The Link in the Chain

It takes a little effort to fully understand one’s place on the aforementioned customer value chain. For sales and go-to-market–oriented partnerships, Chow exhorted alliance professionals to ask, “Who are the trusted advisors of the customer when they have a problem and they are looking for a solution like ours? Who do they go talk to as their trusted advisors? Who do they go ask and typically buy from?” Those looking for help with implementations have to answer, “What is needed for that customer to implement my solution fully and successfully within their business?” 

To illustrate his point, Chow shared stories from his days managing Google Cloud partnerships around the middle of last decade. Looking to break into the enterprise market by helping customers migrate applications to the cloud, the search engine giant turned to several global systems integrators (GSIs) that already had relationships with prospects and were very familiar with these customer environments—in particular, they knew how to rationalize which applications to move and when. Google also partnered with certain independent software vendors (ISVs) that brought monitoring, testing, and automation tools that could bring these migrations to fruition. 

Monitoring Partner Performance “Like Your Hard-Earned Money”

With an ecosystem in place, Chow turned to a personal investment portfolio analogy to make the point that alliance managers have to segment partners into conservative, moderate, and risky bets. For example, he said, GSIs could fall into the “high-risk, high-return” category, nimbler consulting firms and regional SIs that require a little investment might fall in the medium-risk bucket, while “low-risk resellers” could “bring in some nickels, dimes, and dollars,” Chow said.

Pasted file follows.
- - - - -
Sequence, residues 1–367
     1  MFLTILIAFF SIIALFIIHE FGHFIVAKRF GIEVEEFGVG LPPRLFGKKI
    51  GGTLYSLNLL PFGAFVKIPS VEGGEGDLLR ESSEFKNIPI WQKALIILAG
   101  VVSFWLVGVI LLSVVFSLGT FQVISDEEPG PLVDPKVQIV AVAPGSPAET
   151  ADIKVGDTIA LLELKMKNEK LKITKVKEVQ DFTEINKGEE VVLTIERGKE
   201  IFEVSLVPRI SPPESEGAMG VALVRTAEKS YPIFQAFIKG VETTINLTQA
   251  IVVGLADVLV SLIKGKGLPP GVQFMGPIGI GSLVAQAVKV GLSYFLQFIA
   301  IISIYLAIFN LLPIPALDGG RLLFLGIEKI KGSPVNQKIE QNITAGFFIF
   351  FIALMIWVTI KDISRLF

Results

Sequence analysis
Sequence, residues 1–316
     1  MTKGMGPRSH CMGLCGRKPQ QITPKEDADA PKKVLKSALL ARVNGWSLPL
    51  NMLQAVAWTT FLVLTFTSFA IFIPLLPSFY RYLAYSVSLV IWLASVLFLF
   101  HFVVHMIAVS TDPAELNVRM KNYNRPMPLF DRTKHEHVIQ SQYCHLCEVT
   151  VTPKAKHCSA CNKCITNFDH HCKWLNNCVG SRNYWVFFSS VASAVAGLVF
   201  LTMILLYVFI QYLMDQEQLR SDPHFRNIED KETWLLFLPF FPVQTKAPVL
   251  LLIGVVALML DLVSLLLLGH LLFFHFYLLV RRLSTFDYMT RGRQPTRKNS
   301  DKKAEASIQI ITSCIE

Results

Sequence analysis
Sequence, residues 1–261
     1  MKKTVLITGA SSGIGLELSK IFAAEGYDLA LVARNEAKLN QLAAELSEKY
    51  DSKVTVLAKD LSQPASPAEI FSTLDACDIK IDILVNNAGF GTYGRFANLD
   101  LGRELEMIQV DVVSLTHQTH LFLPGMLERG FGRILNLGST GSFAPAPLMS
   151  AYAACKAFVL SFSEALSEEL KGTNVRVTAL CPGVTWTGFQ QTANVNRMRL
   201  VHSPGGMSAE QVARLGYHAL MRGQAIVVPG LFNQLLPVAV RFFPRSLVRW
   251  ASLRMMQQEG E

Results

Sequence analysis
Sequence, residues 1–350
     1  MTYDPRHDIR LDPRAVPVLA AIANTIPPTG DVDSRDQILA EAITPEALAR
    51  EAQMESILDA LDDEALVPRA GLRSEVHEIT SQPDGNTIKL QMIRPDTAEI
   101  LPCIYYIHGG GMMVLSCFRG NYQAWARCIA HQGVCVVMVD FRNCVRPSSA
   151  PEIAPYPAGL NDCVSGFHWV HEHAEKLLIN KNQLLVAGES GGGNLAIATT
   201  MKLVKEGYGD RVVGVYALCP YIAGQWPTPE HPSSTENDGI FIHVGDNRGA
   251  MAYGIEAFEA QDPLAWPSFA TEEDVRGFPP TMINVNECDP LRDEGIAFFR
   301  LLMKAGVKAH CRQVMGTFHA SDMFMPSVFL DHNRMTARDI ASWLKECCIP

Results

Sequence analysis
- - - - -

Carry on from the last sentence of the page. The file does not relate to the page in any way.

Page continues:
Then you want to set goals. In Chow’s hypothetical example, an organization was striving for 3 to 10 percent growth in partner-driven revenue in the first year, 25 percent in the second year, and perhaps 33 to 40 percent in year three. Like your investment portfolio, you don’t want to “just set it and forget it,” Chow said, when it comes to monitoring partner performance against these metrics because, in all likelihood, some bets may not pan out. It’s incumbent upon ecosystem managers to recognize and replace underperforming partners earlier than later. 

“If I’m not getting the right directional indicators, the right milestones hitting, I’m going to switch that [partner] out for something else because it’s just not working. It’s something to be managed and monitored like your hard-earned money,” said Chow. 

It’s Good to Be the King…of a Smaller Fiefdom

Chow concluded with a final lesson that less is more when it comes to partner portfolio size. Be wary of senior executives who are hellbent on signing up “as many partners as possible and showing we are the king of this market.” If you sign up a glut of partners, the resulting portfolios could be too unwieldy to manage. Plus, many might not be a good fit, which means that just a few partners will be driving 80 percent of partner-driven business anyway. 

“For me, it’s the fewer, the better,” said Chow.